Hydro-Quebec power is not what we want

Emission reductions, tribal claims, money outflow all concerns

OVER THE NEXT FEW MONTHS, the Baker Administration will be making billion-dollar decisions about the kind of energy that will be powering our homes, businesses, and municipalities for decades to come. It is critical we get it right.

Across the globe we are watching the devastating impacts of climate disruption. The specter of extreme storms, fires, heat waves, and the resulting immense suffering is no longer something to be feared at some far off time in the future—it has arrived.

There is more carbon dioxide in the atmosphere today than there has ever been while humans have walked the planet. And we send over 35 billion more tons into the atmosphere each year.

Massachusetts cannot stop climate change by itself, but it can set an example of what a state can do, and we know that other states will follow us. From health care to gay marriage to, just recently, becoming the first state to ban bump stocks on automatic weapons, Massachusetts is a state that others emulate.

The Energy Diversity Act, which passed nearly unanimously on Beacon Hill in 2016, requires the procurement of 1,600 megawatts of offshore wind and 1,200 megawatts of additional energy in the form of solar, wind, anaerobic digestion, or hydropower.

In April, the Massachusetts Department of Energy Resources, in concert with the state’s investor-owned utilities, released a joint request for oroposals for bids for the 1,200 megawatts of energy.

Dozens of companies responded, offering various combinations of solar, wind, or Canadian hydropower. The projects are being judged on a variety of criteria, including whether they provide enhanced electricity reliability, are cost effective, bring economic and environmental benefits, foster employment and economic development, and demonstrate a benefit to low-income ratepayers.

Here are some considerations for Baker Administration officials as they make their decision.irst, there must be transparency in how projects are chosen. It is awkward, to say the least, that Eversource and National Grid partnered with the Department of Energy Resources in drafting the request for proposals and awarding the contracts, while also standing to profit from it as bidders. There are safeguards in place to minimize conflicts of interest, but competing companies are understandably concerned over their competitors being at the decision-making table. How the criteria are applied to each project and the justification for the final decision should be made public.

Second, in terms of environmental implications, we must ensure our energy choices encourage growth in renewable generation and lead to real reductions in greenhouse gas emissions. Large scale hydropower from Hydro-Quebec is problematic on this score. Based on their annual reports and 10-year strategic plan, all of Hydro-Quebec’s current and future planned export capacity can be handled by current transmission lines. This means any new transmission lines to different markets, such as New England, would give the provincial utility the option to schedule their exports of hydropower where and when prices are highest (i.e. “chasing” peak-demand prices), leaving everyone paying more, and leaving capacity gaps to be filled with existing dirty fuels such as methane gas.  So while our own power might be cleaner, on net there would be no true reduction in greenhouse gas emissions released, which defeats the purpose of this whole endeavor.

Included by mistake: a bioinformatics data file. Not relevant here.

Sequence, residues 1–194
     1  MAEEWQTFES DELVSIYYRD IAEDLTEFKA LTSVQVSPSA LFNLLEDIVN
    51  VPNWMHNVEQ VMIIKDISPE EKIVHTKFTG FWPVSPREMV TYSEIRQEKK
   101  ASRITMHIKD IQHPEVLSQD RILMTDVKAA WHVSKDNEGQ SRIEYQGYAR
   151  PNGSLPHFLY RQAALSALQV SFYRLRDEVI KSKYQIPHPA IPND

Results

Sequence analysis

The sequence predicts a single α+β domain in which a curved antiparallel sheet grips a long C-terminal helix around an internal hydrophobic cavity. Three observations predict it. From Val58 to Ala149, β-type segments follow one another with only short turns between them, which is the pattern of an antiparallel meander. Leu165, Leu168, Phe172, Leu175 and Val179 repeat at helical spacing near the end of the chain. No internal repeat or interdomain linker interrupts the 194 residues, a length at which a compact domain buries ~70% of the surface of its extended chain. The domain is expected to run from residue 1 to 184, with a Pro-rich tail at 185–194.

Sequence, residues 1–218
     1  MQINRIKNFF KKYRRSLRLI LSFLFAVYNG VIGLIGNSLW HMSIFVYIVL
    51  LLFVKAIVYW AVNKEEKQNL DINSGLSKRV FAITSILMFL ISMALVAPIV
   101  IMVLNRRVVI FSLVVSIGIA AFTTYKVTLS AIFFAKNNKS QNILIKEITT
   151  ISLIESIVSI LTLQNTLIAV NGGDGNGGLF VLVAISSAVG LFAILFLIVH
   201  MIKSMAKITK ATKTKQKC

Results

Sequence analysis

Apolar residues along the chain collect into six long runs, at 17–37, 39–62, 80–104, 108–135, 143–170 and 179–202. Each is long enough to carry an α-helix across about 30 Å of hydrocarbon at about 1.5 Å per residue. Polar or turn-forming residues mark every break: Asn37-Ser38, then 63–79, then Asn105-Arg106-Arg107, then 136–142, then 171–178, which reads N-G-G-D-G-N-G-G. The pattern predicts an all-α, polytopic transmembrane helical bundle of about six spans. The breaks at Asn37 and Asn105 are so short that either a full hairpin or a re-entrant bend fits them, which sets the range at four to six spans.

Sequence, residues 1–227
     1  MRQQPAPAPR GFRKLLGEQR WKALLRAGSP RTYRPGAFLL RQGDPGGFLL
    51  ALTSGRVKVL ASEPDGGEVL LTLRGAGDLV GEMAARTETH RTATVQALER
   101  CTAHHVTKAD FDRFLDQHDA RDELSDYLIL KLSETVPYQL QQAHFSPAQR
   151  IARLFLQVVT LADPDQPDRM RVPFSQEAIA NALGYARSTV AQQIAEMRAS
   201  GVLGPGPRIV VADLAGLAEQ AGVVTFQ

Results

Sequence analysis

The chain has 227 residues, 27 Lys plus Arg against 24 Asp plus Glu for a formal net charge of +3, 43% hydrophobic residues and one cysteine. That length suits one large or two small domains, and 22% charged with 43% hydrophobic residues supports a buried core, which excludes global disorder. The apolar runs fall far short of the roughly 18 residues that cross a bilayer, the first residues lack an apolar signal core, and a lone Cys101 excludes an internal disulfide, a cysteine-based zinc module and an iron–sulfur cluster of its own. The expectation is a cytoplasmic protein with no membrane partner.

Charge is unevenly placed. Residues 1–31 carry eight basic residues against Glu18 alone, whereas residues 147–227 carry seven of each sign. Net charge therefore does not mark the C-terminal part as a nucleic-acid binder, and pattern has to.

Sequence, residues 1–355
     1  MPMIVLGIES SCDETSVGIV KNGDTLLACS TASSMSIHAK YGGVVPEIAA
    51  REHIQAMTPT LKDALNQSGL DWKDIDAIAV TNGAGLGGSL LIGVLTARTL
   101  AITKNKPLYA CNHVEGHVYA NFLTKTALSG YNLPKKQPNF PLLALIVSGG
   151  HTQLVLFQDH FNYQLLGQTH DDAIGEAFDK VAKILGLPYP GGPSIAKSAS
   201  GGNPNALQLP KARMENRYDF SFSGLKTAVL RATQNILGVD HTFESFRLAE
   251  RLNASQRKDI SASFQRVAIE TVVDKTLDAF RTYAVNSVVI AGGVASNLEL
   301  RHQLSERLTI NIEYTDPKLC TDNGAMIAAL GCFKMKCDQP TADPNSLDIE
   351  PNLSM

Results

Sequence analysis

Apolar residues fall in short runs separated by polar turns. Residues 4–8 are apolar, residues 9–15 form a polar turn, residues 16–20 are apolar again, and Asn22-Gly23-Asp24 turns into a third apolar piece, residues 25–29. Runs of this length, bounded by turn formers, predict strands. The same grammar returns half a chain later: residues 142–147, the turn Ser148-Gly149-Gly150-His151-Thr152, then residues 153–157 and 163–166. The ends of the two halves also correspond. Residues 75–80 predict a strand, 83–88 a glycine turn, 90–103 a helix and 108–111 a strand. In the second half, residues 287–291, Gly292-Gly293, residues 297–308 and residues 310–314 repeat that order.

Third, we must make sure the power does not benefit us at the expense of more vulnerable populations. Again, Hydro-Quebec does not meet this bar. This past July, members of the Pessamit Innu tribe in Quebec traveled to New Hampshire and Massachusetts. Speaking with policymakers and the press, they described in vivid terms how Hydro-Quebec’s massive flooding has had a devastating impact on their ancestral lands and way of life. A five-turbine hydroelectric dam can cause a six-foot fluctuation in water levels multiple times per day. Downriver from Hydro-Quebec’s projects, salmon as well as many bankside animal and plant species, including the otter, mink, and beaver populations, have been decimated. Surging waters erode the banks, pulling trees and debris into the river, and suffocating salmon egg spawning grounds with layers of thick silt.

The Pessamit claim to have received no compensation from Hydro-Quebec for having been driven off their land over decades, and claim numerous violations of international treaties relating to respect of indigenous peoples and to conservation of salmon stocks. The Pessamit Innu issued a press release in early November, further outlining concerns over Hydro-Quebec’s practices.

Fourth, when considering economic benefit, projects should maximize keeping energy dollars here at home—i.e., in Massachusetts and New England. Buying power from Hydro-Quebec only continues to send billions of energy dollars out of our local economy.

Finally, any project chosen should minimize the need for new transmission lines. If new transmission is necessary, making use of existing rights of way and avoiding deforestation should be a priority.

Meet the Author

Emily Norton

Chapter Director, Massachusetts Sierra Club
The decisions made in the next few months about the energy we want to power our state will reverberate for decades. These billion-dollar projects cannot be easily undone. We no longer have the luxury of following the path of least resistance—or loudest lobbying—when making energy policy decisions. These decisions must be made transparently—with the impacts on climate, vulnerable communities, and the local economy given the weight they deserve. We have to get this right.

Emily Norton is Massachusetts chapter director of the Sierra Club and a Newton city councilor.